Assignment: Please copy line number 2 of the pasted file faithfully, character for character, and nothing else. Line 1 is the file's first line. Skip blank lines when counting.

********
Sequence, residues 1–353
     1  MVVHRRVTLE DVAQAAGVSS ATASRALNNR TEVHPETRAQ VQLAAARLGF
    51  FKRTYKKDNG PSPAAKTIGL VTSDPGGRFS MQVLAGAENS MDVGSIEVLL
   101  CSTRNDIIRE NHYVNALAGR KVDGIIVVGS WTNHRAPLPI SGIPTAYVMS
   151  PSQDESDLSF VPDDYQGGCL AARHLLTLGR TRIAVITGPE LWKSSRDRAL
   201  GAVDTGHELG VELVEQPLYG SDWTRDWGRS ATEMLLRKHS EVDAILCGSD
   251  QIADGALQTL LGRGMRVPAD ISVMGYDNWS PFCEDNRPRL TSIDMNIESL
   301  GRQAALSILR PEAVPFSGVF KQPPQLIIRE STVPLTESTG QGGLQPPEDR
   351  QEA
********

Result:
     1  MVVHRRVTLE DVAQAAGVSS ATASRALNNR TEVHPETRAQ VQLAAARLGF